The CNML information obtained has been used to build two topology graphs: base-graph and core-graph. The base-graph of is constructed by considering only operational nodes, marked in Working status in the CNML file, and having one or more links pointing to another node in the zone. Additionally, we have discarded some disconnected clusters. All links are bidirectional, thus, we use an undirected graph. We have formed what we call the core-graph by removing the terminal nodes of the base graph (i.e., client nodes). Table 1 summarizes the main properties of base and core graphs that we use in our study e.g., number of nodes, node degree, diameter (number of max hops in the sub-graph) and number of zones traversed in core and base-graph.

Table 1. Summary of the used network graphs

2.2 Allocation Model and Architecture

In order to generalize the placement model for community services, we made the following assumptions that give to our model the flexibility to adapt to many different types of real services. In our case, a service is a set of S generic processes or replicas (with different roles or not) that interact or exchange information through the community network. The service can also be a composite service (e.g., three-tier service) built from simpler parts. These parts or components of a service would create an overlay and interact with each other to offer more complex services. Each of the service replicas or components will be deployed over a node in the network, where each node will host only one process no matter which service it belongs to.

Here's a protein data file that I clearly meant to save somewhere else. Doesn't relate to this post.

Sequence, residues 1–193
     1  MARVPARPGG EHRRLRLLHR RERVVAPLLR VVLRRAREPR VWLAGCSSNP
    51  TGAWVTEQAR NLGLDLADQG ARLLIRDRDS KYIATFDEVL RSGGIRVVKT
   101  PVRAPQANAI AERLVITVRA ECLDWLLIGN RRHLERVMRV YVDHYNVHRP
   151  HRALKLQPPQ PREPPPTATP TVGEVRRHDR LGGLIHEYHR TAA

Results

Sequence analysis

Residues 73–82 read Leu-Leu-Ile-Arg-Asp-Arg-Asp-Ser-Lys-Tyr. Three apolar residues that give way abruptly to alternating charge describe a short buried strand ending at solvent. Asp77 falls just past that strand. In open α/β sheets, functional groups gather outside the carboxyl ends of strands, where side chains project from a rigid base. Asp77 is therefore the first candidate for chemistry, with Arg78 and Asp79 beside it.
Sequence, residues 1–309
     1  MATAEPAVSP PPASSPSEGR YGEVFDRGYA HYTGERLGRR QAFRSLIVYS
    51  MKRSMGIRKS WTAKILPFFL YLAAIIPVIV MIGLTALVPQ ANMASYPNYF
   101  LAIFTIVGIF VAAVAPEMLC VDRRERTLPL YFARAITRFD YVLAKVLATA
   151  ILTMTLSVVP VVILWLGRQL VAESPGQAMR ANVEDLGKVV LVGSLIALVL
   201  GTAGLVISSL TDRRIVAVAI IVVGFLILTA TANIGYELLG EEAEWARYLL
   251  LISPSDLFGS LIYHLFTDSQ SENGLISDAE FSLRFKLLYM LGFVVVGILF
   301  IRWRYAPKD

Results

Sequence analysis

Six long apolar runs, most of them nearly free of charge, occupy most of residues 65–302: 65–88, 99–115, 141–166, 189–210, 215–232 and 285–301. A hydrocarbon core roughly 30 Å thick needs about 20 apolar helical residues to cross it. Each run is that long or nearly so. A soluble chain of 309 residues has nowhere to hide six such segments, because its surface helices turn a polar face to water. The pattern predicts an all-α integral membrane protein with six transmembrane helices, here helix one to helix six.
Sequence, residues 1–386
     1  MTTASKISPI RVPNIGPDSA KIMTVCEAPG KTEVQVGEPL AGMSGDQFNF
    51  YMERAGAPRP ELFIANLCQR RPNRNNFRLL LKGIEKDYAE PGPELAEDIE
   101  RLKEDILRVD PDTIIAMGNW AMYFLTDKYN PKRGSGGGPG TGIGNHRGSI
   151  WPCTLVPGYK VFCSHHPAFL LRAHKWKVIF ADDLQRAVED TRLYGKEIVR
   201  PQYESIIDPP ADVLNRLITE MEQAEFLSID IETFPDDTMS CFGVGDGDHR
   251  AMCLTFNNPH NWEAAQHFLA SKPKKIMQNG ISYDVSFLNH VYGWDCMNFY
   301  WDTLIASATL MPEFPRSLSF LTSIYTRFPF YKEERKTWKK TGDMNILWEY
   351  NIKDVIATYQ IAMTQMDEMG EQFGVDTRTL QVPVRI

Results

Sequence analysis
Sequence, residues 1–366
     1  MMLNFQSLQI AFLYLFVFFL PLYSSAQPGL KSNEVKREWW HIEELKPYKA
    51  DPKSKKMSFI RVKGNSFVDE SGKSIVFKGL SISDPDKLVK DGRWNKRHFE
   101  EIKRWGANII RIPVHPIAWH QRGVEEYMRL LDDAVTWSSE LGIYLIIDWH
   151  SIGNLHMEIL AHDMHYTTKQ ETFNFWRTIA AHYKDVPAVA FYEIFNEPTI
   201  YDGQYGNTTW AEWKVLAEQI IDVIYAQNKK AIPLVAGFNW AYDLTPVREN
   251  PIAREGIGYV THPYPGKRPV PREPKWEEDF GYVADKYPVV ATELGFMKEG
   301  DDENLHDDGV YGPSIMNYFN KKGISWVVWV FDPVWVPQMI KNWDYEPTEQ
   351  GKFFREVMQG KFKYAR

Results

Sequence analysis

It is important to remark that the services aimed in this work should be at infrastructure level (IaaS), as cloud services in current dedicated datacenters. Therefore the services are deployed directly over the core resources of the network (nodes in the core-graph) and accessed by base-graph clients. Services can be deployed by users or administrators. The architecture that we consider is based on a hybrid peer-to-peer model with three hierarchical levels of responsibility. On each level, members are able to share information among themselves.